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Home Op-Ed New Guardians film assaults 'eye and ear': Charlton

New Guardians film assaults 'eye and ear': Charlton

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Action film a great contrast to the quiet of Emily Dickinson
by Alan Charlton

A Quiet Passion;
Guardians of the Galaxy

In cinemas throughout the Lower Mainland


Photo Caption: Chris Pratt stars in a scene from the movie "Guardians Of the Galaxy Vol. 2." The movie was designed with great box-office appeal, but offers teh same requisite formula, writes Alan Charlton. "The whole thing becomes monotonously repetitive in its assault on eye and ear." (CNS / Marvel Studios)


What one chooses to see at the movies is largely dictated by personal taste so that even when a film has received general critical recommendation, it will not necessarily appeal to every viewer. Such is certainly the case with regard to two films in current release.

A QUIET PASSION, theoretically a biography of Emily Dickinson, the reclusive 19th-century American poet, is a film that has much to recommend it, though its audience appeal is likely to be very limited. Writer/Director Terence Davies has elected to tell the story of the poet by showing her as being, by her own choice, confined to her home – and to a great extent inside that home.

There she spends most of her life with her sister, Vinnie, her depressed mother, and her controlling father. Even when her brother marries her close friend and moves into the house next door, the impression given is that Emily remains in her own home, and indeed her own bedroom. Though the film is about a poet, the poetry is essentially and understandably introduced as background; it will do little to popularize the verse. Instead, the film concentrates on the family dynamic, which was not always easy, and simply shows that the outside world, a world which included the Civil War and its aftermath, is experienced by Dickinson only at second-hand.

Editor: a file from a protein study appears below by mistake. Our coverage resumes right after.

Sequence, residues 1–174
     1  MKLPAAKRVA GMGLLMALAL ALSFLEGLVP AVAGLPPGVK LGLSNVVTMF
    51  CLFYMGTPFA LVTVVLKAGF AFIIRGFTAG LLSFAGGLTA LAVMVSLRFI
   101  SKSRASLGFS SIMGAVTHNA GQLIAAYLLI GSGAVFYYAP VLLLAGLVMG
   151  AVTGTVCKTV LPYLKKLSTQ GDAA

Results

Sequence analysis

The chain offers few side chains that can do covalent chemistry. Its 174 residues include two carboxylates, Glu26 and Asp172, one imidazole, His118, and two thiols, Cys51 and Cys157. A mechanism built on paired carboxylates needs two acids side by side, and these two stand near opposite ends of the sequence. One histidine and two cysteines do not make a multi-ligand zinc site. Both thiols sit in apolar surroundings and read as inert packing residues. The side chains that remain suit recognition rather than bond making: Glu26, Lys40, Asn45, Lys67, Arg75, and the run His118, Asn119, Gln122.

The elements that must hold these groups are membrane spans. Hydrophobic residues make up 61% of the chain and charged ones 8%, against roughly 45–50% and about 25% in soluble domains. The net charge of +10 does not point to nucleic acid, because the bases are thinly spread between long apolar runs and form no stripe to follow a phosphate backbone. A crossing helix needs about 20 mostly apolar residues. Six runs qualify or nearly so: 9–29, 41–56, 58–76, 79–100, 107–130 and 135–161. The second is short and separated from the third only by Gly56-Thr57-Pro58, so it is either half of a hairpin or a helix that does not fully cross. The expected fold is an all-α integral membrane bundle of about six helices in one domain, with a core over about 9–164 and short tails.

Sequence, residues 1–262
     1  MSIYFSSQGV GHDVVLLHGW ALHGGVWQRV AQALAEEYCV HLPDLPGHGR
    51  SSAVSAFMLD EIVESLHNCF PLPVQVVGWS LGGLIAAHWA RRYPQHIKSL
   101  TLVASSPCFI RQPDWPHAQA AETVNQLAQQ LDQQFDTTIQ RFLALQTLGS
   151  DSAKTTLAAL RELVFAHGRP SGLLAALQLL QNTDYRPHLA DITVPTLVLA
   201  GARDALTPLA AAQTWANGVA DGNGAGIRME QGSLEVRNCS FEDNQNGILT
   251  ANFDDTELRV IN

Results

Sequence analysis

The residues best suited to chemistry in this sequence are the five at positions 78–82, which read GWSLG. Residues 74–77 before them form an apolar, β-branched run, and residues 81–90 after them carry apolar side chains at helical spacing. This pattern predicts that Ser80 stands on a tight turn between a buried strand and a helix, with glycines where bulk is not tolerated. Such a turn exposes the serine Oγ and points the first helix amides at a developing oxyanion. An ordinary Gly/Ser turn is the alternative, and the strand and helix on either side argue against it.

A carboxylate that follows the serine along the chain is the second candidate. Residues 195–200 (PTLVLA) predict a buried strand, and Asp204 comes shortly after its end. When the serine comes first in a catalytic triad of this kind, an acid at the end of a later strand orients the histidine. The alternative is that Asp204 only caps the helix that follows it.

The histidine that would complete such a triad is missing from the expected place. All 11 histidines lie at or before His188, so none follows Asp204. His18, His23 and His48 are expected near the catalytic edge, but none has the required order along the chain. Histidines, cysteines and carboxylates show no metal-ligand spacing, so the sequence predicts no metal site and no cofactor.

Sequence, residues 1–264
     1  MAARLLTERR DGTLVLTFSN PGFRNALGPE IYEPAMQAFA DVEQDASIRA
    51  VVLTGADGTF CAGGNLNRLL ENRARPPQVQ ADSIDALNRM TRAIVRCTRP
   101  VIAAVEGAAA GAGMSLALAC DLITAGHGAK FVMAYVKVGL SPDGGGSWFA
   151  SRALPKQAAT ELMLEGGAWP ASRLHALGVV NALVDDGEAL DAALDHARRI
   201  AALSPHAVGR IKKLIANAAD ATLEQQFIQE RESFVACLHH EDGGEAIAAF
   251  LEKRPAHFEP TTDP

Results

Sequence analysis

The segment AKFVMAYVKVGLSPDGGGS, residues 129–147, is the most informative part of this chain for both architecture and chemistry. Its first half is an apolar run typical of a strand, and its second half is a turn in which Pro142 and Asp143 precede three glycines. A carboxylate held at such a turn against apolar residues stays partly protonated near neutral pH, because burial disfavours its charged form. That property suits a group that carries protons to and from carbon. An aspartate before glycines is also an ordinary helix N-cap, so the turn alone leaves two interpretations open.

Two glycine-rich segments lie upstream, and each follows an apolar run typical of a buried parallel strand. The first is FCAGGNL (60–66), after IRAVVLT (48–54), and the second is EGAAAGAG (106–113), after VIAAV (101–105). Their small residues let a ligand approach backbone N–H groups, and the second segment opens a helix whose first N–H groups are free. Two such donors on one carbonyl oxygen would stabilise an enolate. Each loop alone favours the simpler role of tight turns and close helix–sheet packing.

A QUIET PASSION is essentially Davies’ own descant on Dickinson’s life which reveals little of that life – even omitting the poet’s passion for raising plants. Instead he attempts to show the woman as self-absorbed, frustrated with her lot as a woman of the period, and, despite her often caring and loving side, able to be hurtful and antagonistic to everyone around her.

While there are scenes of dramatic intensity, much of it is devoted to conversation, with the dialogue often appearing contrived, almost artificial, as Dickinson engages in banter with her fellows.

The result is a film of incredible beauty, faultlessly acted, and often cleverly challenging. It is, in fact, a film-enthusiast’s delight, though that it will have wide audience appeal is unlikely.

On the other hand, GUARDIANS OF THE GALAXY is obviously designed to have great box-office appeal, catering as it does to all those Marvel comic fans, who are legion.

As the latest offering in the franchise, it follows the requisite formula: a group of assorted characters – most of them aliens – set about fighting other aliens to the accompaniment of spectacular computer generated special effects and loud noises.

To those who saw the first film or are familiar with the characters, the complexities of the plot will doubtless be clear, though as a neophyte I found myself frequently confused about what was happening or why.

Early in the film the Guardians face off against the empress of another planet for whom they seem to have performed some service. As to why it was so terrible for the raccoon to have stolen batteries and why they are so important, I have no idea.

Later Sylvester Stallone appears and seems to be annoyed with Groot, but the import remains for me a mystery. While I could generally follow the main story that unfolded, despite several threads and jumps from one to another apparently at random, the whole thing becomes monotonously repetitive in its assault on eye and ear.

The film makes some attempt at humour, but since this largely consists of the characters insulting each other by engaging in name calling with an admixture of scatological commentary, I did not find it particularly entertaining – nor, apparently,  did the small adult audience who endured the film with me.

Clearly, GUARDIANS OF THE GALAXY is box office gold and appeals to a huge number of movie-goers, but I would gladly forego a dozen such films to attend such a cinematic triumph as A QUIET PASSION. In the end, it becomes a matter of personal taste.

 

Last Updated on Monday, 29 May 2017 09:18  

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